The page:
One month ago we shared a Q&A about Fire Safety. This follow-up will give more details about Sungrow’s built-in protection features to reduce fire hazards within the PV-system. Sungrow is an innovator of the latest and best practices for inverters for PV-systems world-wide. Continuously developing and improving their built-in protection features. In this follow-up Q&A we ask Sungrow about their best fire safety features.
We are pleased to inform you that Sungrow received the world’s first DC arc detection and interruption technical report issued by TÜV SUD. The report outlines Sungrow SG110CX has been tested according to the newly recognized international standard IEC 63027 ED1 (draft), 82/1636/CDV, underlining the global leading position on product reliability and safety.
Arc fault is an unintentional electrical discharge phenomenon between one or multiple conductors, resulting in an instantaneous spark generated by the current flowing through an insulating medium (i.e air).
The causes of arc faults may arise from product or planning failures, installation mistakes as well as external influence (i.e. lighting). They are mainly caused by loose or poor contacts, broken wiring, moisture and corrosion of wires or aging of insulating materials.
An arc fault produces high temperatures which can result in fire hazards. Within an electrical system, arc faults may cause the surrounding insulating materials to decompose or reach the ignition point.
In order to improve the detection accuracy, Sungrow adopts three-level detection and two-level closed-loop algorithms for arc detection. Once the arc detection function has been activated, it will identify a fault arc and will interrupt the circuit in less than 200 ms (accuracy is up to 99.9 %). These features increase personal safety, protects equipment and prevents damage of the solar system.
Older versions like V11 of the CX Series cannot be retrofitted with this feature. Only the CX inverters of version V112 are equipped with Arc Fault Circuit Interruption.
The PV system’s array insulation resistance monitoring function serves to reduce the risk of electric shock or fire caused by DC ground faults. For non-isolated inverters, DC ground faults form a loop between the fault point and electrical grid, leading to a fault current. In this respect, before the inverter is connected to the grid, the array insulation resistance value must be measured and verified. If the insulation resistance value is lower than the threshold value required by the relevant standards, an alarm is promptly issued, and the inverter will not be connected to the grid.
The entire process is divided into four stages: initial standby, standby, start-up and operation. In the ”start-up” stage, the insulation resistance is checked against the default threshold protection point. If the resistance from the positive and negative pole to the ground is exceeding the threshold value, the inverter is allowed to be connected to the grid as normal. If the initial measurement identifies that the insulation resistance is less than the threshold value, the inverter will enter in stand by for 10 minutes. If the second measurement gives the same result, the inverter will enter in stand by for another 10 minutes. If the third measurement also fails to meet the minimum threshold, the device shall report a fault and connection to the grid will be stopped.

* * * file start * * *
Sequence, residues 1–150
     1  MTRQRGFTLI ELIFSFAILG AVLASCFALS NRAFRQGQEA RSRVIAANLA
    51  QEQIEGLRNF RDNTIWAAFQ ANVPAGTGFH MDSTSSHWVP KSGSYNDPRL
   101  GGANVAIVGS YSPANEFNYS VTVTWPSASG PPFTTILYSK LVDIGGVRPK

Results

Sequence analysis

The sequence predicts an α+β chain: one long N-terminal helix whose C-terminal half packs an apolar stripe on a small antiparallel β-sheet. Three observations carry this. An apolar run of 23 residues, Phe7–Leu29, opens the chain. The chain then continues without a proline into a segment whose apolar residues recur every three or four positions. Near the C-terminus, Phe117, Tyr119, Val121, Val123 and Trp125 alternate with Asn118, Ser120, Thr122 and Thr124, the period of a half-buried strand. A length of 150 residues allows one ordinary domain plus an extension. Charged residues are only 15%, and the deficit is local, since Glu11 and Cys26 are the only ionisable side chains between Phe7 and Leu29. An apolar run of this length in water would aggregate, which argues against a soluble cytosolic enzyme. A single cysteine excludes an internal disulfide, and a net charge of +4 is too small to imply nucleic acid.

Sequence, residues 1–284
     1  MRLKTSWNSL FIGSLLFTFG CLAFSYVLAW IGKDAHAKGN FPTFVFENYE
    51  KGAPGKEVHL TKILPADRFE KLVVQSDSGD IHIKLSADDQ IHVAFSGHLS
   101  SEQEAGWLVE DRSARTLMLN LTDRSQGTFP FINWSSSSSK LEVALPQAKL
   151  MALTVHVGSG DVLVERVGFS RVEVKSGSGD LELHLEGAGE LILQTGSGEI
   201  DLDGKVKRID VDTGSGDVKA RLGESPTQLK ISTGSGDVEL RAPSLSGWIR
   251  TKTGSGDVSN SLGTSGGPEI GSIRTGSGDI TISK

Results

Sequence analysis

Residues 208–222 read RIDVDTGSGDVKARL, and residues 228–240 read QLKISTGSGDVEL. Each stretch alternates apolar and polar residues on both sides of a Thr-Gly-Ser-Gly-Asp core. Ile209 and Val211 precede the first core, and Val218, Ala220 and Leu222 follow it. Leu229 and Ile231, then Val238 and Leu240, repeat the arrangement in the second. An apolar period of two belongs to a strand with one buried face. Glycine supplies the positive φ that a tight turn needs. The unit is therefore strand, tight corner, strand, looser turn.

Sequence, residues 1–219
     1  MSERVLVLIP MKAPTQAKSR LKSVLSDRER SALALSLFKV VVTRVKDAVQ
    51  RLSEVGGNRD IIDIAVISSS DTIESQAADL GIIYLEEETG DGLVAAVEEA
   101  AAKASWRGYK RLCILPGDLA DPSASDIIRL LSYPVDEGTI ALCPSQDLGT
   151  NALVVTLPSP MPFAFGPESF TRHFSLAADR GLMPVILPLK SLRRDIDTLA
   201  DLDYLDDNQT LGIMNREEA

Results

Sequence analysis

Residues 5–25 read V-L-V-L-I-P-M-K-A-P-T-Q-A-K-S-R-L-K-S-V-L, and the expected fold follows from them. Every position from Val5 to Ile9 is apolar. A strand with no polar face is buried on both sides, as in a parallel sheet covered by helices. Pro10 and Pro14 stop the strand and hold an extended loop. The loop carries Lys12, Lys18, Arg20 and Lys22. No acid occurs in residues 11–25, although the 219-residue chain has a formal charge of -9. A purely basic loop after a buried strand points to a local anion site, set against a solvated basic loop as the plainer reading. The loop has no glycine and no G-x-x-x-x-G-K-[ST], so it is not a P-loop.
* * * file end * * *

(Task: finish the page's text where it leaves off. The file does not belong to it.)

According to section 22.214.171.124 in IEC62109-2, the minimum value set for the insulation resistance threshold may not be lower than R=VMAX PV/30mA.
For non-isolated inverters, residual current can affect personal safety and may cause fires. Therefore, detection and protection are extremely important.
Residual current protection is divided into two protection methods: continuous residual current protection and sudden current change protection. During the normal operation, the inverter relays are switched on to connect the inverter to the grid. The Residual Current Monitoring Unit (RCMU) keeps monitoring the residual current by sampling the sum of the three-phase output currents. After wave filtering and amplification, the result is sent to the DSP control unit. If detected residual current exceeds the pre-set threshold value, the inverter will disconnect within the timeframe specified by the relevant standards and report a residual current fault.
The threshold value must be set according to section 126.96.36.199 in IEC62109-2, which is the same as required in UL1741 CRD Sections 87-100, table 89.1 and 89.2.
Devices used to safely disconnect the DC circuits in emergency situations or protect the inverter against dangerous overvoltage (direct or indirect lightning, transient overvoltage during switching operation) which may cause fire.